Darkside of Residential Group Homes: Working with Adult Bullies
When I look around my fellow treatment counselors, I find two types of people: those who genuinely want to help the kids we work with and those who don’t.
The type of people who choose not to help the kids we work with are usually the ones who have worked there the longest (though not always), ones who walked into the job with a negative prejudgment or developed one overtime, and ones who deep down aren’t there for the right reasons—the children we serve. The real reason they are here is just for the money.
The people who are there for the right reasons will exhibit a few things in common. They are more patient, build rapport with the children, and try to mentor them to the best of their abilities. Although they are not perfect, they are motivated to come to work because deep down they believe what they are doing is of great importance. They are on a mission and wish to help the children they are serving.
The people who are not there for the right reasons also exhibit a few things in common. They lack patience and possess an authoritarian parenting style. In fact, they are adult bullies both to the children and staff they work with. The adult bully is someone who never matured as they progressed through life because, in their youth (or current state of life), they have experienced stress, trauma, low self-esteem, difficult home life, and a lack of higher education. (1)
It breaks my heart because it affects the vulnerable and innocent children who have already been exposed to abuse and neglect in their family homes and removed into foster care. Instead of being protected in the foster care system, the children find themselves exposed to further harm. It’s a tragedy and it’s unacceptable.
The 80/20 Rule
The people who fall into the second category of workers usually make up about 20 percent of the treatment counselors I work with. However, if you ever worked in a residential group home, you will notice that 20 percent of the workers cause 80 percent of the problems or that 80 percent of the work is done by 20 percent of the people.
According to the Pareto principle, also known as the 80/20 rule, inputs and outputs are generally skewed. Wouldn’t you say if 20 percent of the workers cause 80 percent of the problems or that 80 percent of the work is done by 20 percent of the people? So what can we learn from this? A little bit of input can have a big effect on the output.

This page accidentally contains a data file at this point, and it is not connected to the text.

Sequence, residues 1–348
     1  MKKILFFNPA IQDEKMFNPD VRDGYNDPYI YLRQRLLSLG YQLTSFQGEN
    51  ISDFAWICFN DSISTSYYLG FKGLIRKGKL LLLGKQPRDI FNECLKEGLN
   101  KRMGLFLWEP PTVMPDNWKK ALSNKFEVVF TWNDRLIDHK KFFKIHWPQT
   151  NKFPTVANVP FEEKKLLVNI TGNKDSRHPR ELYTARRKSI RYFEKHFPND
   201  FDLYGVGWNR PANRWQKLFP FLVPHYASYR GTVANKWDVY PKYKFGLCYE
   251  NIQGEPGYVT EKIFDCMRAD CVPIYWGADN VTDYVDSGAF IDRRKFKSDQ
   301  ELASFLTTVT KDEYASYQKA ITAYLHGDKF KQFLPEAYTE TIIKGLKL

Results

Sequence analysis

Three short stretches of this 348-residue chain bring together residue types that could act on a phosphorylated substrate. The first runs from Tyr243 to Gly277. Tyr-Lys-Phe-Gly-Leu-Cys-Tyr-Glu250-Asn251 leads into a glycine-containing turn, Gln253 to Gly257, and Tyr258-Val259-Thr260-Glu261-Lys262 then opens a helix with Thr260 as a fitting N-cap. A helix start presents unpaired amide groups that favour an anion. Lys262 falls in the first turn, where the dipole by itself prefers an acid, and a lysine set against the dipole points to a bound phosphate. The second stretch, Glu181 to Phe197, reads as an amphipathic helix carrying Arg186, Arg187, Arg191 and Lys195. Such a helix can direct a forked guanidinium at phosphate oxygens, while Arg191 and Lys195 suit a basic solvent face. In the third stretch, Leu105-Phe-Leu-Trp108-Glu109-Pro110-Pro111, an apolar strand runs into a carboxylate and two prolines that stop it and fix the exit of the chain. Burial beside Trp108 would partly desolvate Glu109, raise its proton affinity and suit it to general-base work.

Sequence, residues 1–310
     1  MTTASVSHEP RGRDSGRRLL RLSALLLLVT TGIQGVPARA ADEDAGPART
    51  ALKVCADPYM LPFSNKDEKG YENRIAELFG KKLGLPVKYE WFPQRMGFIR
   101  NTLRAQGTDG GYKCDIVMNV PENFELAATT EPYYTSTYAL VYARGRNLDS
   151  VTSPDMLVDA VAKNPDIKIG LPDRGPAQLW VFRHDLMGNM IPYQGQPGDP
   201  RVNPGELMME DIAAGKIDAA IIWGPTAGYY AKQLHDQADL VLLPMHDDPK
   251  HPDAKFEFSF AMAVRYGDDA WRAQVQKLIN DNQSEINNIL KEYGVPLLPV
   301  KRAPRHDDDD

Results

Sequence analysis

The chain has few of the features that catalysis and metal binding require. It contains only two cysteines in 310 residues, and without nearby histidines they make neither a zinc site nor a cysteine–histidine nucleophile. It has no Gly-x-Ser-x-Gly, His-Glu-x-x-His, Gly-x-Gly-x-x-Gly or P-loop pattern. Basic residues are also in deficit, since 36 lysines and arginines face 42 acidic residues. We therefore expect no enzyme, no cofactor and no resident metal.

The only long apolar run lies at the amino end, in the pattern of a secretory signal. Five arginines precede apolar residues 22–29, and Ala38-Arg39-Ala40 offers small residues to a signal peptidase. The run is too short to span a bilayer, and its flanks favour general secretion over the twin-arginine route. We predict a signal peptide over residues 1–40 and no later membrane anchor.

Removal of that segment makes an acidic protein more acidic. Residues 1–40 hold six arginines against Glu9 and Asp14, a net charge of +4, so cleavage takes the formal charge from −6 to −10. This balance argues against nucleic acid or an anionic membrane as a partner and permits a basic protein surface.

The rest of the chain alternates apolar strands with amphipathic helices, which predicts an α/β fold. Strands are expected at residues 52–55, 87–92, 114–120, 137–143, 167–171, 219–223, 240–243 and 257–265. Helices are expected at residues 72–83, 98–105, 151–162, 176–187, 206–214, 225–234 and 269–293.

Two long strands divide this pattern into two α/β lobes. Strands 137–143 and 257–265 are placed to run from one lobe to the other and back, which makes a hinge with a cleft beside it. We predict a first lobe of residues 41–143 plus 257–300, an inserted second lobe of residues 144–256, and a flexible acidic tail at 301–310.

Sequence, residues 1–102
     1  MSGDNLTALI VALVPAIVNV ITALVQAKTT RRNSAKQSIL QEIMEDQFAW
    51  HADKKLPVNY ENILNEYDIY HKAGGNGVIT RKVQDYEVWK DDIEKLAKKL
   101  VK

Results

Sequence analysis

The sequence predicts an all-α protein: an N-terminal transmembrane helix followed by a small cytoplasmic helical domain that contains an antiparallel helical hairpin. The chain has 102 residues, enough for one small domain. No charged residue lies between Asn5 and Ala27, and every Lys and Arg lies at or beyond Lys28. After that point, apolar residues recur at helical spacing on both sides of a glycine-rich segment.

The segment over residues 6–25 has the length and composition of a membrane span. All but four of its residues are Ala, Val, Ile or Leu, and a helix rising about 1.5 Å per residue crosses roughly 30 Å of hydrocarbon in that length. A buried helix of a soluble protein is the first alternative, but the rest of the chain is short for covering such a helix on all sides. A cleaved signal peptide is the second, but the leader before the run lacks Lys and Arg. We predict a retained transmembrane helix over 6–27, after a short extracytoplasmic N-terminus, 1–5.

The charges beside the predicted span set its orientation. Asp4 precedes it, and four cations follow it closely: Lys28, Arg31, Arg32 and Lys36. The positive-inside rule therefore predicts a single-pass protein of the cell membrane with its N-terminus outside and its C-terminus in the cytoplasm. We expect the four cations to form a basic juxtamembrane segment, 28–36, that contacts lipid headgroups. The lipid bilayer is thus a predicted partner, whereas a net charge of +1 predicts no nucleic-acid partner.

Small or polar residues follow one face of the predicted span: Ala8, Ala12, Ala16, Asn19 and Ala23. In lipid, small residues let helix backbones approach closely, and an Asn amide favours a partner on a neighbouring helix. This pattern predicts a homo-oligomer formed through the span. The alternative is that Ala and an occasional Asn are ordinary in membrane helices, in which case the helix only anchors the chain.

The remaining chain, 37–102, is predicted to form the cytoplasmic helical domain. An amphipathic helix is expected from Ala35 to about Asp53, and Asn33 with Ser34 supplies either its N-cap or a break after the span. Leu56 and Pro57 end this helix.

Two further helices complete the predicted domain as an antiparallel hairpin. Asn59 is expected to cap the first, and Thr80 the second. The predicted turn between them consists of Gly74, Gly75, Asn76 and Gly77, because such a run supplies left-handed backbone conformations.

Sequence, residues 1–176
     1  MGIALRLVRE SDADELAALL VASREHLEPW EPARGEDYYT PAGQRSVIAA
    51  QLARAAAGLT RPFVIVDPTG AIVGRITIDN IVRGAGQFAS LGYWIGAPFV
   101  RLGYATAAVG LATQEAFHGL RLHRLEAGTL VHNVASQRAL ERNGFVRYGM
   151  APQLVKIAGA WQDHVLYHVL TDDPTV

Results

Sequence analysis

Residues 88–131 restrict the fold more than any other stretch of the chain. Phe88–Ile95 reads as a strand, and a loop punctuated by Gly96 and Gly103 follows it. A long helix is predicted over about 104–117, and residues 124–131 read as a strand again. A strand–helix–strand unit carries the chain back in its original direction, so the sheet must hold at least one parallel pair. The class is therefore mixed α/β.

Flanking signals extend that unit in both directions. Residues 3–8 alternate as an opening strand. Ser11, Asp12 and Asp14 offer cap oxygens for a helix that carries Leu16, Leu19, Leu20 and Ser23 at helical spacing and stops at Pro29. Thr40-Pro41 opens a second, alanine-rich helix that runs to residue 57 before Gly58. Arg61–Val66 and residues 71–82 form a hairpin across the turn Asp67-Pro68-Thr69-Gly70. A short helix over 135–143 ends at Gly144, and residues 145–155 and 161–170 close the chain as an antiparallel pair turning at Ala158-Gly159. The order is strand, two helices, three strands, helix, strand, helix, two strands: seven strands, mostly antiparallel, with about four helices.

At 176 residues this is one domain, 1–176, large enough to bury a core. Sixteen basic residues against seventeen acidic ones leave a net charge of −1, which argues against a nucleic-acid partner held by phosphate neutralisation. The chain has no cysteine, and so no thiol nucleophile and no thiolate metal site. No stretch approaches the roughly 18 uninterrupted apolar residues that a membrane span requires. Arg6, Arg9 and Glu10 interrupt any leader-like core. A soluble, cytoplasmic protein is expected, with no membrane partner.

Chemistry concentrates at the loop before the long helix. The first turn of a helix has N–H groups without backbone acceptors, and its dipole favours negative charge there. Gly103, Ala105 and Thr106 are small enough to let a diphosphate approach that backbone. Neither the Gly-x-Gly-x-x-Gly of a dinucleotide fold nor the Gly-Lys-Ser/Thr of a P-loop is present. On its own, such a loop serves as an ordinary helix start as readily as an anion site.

When you work in a residential group home the amount of reparenting at times feels almost overwhelming. It takes 100 percent team effort. Like the Nigerian proverb says, “It takes a whole village to raise a child.” So, if 20 percent of your team is not highly committed and on top of that creates a negative work environment, then the other 80 percent will be affected. The idea of working as a team falls apart when the input of just 20 percent of its workers creates a greater output of 80 percent.
So what are 80 percent of the problems created by the 20 percent of its workers? Residents were retraumatized and constantly retriggered. And residential treatment counselors were unable to demonstrate healthy and empathic re-parenting techniques, without feeling attacked by their coworkers. I will explain why below.
The result was the Chameleon effect!
When you think about the results, how can a small percentage of team members (only 20 percent) affect 80 percent of the results? Well, this is why! What the 20 percenters were doing was creating an atmosphere where there was conflict and disagreement. An atmosphere where you were walking on eggshells and too afraid to speak up or share honest feelings. People were afraid, kept their heads down, and were okay throwing each other under the bus if it helped them in any way. (2)
Who were the 20 percenters? The authoritarians and adult bullies of the group. Several factors play into the effect of an adult bully. First off, when you are an adult bully your goal is to gain power over another person by making himself or herself the dominant adult. (1) In order for the adult bully to feel powerful or in control, they will try to humiliate their victims, and “show them who’s boss.” (3) Now you can imagine if you are in a group setting how this can play into effect with a group’s psyche.